Saturday, May 31, 2008

Sunday Scribblings #113: Curves

This week's Sunday Scribblings asks:
Has life thrown you a curve ball? Do you love hugging the curves while you are driving? Do you love or hate your physical curves? Winkipedia defines "Curve" as: "In mathematics, the concept of a curve tries to capture the intuitive idea of a geometrical one-dimensional and continuous object." But we use the word in a lot of different ways. What do you have to say about curve/ curves?

I had only one image come to mind with this prompt: mountain roads. That brought me to thinking about the differences between Iowa, where we lived for 5 years during graduate school, and Tennessee, where we lived before and since Iowa. The poem following the blurb I wrote during graduate school in Iowa, back when we would make the trip from Iowa to Tennessee once a year, and we only dreamed that we might return to Tennessee someday for good. The picture is of my youngest son, who was born here in Tennessee, and his friend looking out at the great expanse of Great Smoky Mountains, one autumn evening.


There are things you miss about the South but mostly you miss the mountains. You never learn to love the prairie. You never love the big empty Iowa sky and the straight roads, cutting even squares and rectangles through the farms. You never love the tall corn and straight rows of soybeans. It is all too orderly. You miss the sharp curves of the mountain roads, the thrill of fear, the proximity of the edge. You miss the tangle of laurel thickets and confusion of kudzu. You miss the way the mountains stretch and curl back into themselves, gently curving like the stillest sea.

And when you are home again, finally, you will never miss that midwestern wind, endless in its straightforward, relentless pursuit.

Seventeen Hours, Give or Take (Driving South)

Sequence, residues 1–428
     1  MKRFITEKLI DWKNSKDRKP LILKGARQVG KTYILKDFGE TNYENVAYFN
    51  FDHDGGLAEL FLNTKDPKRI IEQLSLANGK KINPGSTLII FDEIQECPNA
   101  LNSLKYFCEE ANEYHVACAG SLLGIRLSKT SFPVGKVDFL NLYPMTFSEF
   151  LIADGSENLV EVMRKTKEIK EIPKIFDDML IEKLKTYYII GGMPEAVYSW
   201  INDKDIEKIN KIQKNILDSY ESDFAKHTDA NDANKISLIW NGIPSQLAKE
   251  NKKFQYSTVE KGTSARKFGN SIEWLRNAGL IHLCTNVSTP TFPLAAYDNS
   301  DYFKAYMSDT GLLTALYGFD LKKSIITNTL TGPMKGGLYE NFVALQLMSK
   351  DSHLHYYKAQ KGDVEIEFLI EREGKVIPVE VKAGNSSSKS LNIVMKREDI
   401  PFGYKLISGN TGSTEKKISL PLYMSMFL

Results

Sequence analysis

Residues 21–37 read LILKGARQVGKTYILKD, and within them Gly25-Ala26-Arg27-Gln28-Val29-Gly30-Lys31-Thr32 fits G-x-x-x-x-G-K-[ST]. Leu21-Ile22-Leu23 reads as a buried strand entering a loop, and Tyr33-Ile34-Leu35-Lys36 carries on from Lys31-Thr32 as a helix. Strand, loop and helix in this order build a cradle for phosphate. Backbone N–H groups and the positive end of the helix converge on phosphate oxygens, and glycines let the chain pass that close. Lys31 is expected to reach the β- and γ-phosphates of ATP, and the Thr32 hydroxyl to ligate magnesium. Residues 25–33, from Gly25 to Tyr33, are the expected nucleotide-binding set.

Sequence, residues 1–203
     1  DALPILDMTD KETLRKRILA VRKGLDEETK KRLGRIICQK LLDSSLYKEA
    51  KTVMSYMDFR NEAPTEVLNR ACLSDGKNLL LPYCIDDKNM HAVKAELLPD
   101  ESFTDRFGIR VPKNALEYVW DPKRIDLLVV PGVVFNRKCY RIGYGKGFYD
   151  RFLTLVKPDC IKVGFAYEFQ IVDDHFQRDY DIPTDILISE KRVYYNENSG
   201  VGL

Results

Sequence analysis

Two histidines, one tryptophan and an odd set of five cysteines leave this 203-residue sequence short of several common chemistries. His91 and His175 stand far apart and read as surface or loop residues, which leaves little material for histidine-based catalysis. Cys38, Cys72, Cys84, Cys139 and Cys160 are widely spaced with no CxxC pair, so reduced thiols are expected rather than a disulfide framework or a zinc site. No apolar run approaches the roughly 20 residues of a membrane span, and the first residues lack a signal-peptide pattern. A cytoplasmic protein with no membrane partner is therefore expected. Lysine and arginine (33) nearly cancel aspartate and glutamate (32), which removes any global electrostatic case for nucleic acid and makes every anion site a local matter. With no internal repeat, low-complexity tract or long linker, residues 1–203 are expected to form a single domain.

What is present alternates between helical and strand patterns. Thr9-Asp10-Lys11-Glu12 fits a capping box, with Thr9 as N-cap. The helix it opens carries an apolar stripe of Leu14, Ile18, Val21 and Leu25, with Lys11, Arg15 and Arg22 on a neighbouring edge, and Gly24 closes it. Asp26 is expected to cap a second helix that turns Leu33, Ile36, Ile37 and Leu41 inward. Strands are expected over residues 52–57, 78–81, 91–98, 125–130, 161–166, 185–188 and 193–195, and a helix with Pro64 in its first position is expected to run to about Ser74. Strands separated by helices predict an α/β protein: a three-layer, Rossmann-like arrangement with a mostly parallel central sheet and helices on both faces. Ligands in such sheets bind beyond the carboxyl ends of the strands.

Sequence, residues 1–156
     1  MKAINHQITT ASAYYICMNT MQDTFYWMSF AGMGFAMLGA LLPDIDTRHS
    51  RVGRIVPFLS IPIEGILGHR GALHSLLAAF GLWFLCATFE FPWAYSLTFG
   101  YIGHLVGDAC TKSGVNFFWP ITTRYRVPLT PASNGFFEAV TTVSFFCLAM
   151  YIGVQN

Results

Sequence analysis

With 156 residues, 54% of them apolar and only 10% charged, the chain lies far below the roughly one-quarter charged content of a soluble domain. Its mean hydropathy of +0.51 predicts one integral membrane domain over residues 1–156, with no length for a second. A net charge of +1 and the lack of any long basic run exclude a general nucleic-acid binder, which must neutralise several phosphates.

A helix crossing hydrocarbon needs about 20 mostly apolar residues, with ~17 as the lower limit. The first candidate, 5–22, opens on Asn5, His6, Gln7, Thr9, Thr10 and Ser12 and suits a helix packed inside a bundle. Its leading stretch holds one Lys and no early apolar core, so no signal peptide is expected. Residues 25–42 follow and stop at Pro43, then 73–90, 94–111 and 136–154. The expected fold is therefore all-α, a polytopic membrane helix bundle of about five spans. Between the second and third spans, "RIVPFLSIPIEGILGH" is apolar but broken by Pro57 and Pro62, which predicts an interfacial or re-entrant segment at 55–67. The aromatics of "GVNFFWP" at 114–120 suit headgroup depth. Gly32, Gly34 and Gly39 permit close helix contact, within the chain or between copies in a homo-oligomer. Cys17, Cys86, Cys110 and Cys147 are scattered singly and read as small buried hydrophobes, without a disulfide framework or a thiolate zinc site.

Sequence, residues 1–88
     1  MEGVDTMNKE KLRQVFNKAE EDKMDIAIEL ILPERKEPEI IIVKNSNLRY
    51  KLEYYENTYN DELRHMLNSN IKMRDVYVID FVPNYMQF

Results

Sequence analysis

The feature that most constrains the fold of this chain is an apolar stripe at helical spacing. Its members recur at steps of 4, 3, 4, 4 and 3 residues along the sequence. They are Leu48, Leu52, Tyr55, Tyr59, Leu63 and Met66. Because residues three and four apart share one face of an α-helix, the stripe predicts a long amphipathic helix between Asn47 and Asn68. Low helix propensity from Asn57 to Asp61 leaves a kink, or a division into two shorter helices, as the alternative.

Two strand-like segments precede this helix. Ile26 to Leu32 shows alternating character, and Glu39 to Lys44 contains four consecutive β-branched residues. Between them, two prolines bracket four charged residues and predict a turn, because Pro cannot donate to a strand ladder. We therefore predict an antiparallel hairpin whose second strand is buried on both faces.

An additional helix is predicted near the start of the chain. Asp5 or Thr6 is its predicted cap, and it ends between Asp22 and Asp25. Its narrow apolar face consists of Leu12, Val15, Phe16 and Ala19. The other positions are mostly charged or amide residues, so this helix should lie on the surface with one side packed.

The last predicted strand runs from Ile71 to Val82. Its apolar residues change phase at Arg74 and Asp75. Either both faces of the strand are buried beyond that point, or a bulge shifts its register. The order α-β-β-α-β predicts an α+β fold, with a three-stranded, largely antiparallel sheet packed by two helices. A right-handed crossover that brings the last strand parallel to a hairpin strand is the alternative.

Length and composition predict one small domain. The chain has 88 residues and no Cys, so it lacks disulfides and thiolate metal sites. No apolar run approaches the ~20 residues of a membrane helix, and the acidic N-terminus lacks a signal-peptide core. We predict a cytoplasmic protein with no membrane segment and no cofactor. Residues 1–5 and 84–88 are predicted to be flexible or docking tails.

We count on someday,
coffee on the front porch,
Buffalo Mountain still

in its own black shadow.
We live now
for the next vacation
and the next, driving southeast
and then south and east,
these strange selves

as the farms turn to forests,
corn to tobacco.
Two hours to go
and we are easy again
as if some lethal spell
has been lifted. We unzip

our stiff suits
at the state line
and toss them out the window.
Our skin beneath is warm

and smells greenly of wood.
We can't stop breathing.
(By Sarah Small. Published in Breathing the Same Air, copyright 2001)


Granny Smith said...

A truly lovely poem. I couldn't live on flat land. My home is on a hillside looking out to the aby and San Francisco beyond - admittedly urban - but a few blocks away is parkland in its natural state - poison oak and all.

zetor said...

Good poem. I live in a beautiful part of U.K. Farmland , hills and valleys, lots of curves in the landscape which I love. This makes the scenery so interesting.

Anonymous said...

I'm in Idaho in the Snake River Valley, and I know what you're saying - flat lands and relentless wind...

Although, I don't like Mtn roads, esp after last weekend on the way to Jackson - we got caught in a late May snowfall and we slid off the road - it scared the b-geebies out of me!

Lovely poem - congrats on having it published!

Anonymous said...

I can see those stiff suits going out the window.
A four gold star post!
Have a wonderous week, and thanks for stopping by my Scribble.

Anonymous said...

i live where the landscape is limestone and far from flat, but i know how drab it gets when one goes to southwestern ontario and the scenery is enless flat fields - unfortunately we have the relentless wind regardless - very nice poetry